International Learn To Fly Day takes off in College Place

The day included an opportunity to buy or sell planes at Martin Field.

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COLLEGE PLACE - At airports across the nation and the world, pilots and flight instructors held a variety of flight-oriented activities in hopes of encouraging non-pilots to take part in the International Learn To Fly Day.

"We just want to spread the word on aviation, that is what it is all about. We just want young people to fly," said Linda Cheney of Martin Field.

But there was a twist to the local activities at Martin Field, which was sponsored by the Blue Mountain Experimental Aircraft Association Chapter 604 and Martin Field; pilots were encouraged to land their aircraft and then try to sell them to people shopping for airplanes.

For most of the pilots at Martin Field, it was the first time they had ever heard of or taken part in a fly-in aircraft-for-sale fair.

Close to 50 smaller aircraft flew in to Martin Field on Saturday morning, and close to half of the owners of the Pipers, Beechcrafts and Cessnas put up for-sale signs after landing, taxiing and tying down.

"It seemed like a good idea ... just because there seemed to be a need for it," said Dave Cheney, Martin Field owner and manager. He pointed out that in many cases pilots are looking to upgrade or downgrade.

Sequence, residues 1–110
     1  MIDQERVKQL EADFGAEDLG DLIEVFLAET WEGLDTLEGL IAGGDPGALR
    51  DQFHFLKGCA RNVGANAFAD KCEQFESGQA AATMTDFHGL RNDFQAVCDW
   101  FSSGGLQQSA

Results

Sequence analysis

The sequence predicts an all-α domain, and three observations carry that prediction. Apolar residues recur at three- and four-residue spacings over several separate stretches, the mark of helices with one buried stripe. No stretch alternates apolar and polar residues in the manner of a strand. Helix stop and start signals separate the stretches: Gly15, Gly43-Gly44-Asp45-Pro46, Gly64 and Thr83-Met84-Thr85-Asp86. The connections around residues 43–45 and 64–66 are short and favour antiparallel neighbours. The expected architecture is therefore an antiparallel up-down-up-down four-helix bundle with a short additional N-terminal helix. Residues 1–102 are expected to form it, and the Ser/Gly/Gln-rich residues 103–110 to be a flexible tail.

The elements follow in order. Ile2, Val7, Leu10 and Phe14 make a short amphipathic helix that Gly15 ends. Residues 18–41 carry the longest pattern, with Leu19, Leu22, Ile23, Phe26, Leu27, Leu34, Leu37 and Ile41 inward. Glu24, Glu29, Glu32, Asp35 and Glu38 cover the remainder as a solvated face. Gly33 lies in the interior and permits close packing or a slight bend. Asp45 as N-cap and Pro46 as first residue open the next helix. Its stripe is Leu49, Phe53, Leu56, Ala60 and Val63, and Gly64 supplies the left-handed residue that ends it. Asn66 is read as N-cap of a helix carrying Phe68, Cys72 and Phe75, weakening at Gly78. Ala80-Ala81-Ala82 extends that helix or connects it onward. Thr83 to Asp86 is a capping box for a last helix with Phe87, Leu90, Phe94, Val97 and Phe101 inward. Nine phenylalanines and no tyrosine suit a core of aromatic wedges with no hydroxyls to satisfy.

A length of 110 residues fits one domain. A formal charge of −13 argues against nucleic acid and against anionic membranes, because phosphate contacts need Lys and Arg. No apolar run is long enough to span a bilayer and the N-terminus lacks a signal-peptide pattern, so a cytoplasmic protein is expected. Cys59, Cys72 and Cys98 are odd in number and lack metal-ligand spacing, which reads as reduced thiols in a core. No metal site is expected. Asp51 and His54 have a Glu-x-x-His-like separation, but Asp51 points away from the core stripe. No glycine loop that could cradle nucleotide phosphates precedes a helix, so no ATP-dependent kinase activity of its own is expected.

Costs of aircraft for sale on Saturday ranged from $20,000 to hundreds of thousands. Most people who drove to the event, like John Southerland of College Place, came with no intentions of buying, just dreaming.

"Unless I find gold in my backyard, plus my wife doesn't like to fly," he said.

Having his pilot's license, Southerland understood a few things about airplanes, especially the costs. As he watched as one pilot opted to land on the grass instead of the asphalt, he explained that because the aircraft had larger tires, the pilot was most likely trying to save tread and money.

"Everything about flying costs money, so you do what you can to save it," he said.

By 11:30 a.m., no aircraft had sold, but the event was still a success, noted event co-coordinator and flying instructor Doug Cheney, who is David Cheney's son.

He noted that not only did 50 aircraft fly in on Saturday, but numerous vintage aircraft and vintage automobiles were displayed, flying seminars were given, hands-on piloting lessons took place in the air, dozens of people signed up to learn more about flying lessons, an aircraft-parts swap meet was held, and disinterested spouses were shuttled to and from the Walla Walla Farmers' Market so they too could maintain high spirits on International Learn To Fly Day.

"We had no idea what to expect, but the turnout has been very good. We got really good support," he said.

Alfred Diaz can be reached at alfreddiaz@wwub.com or 526-8325.

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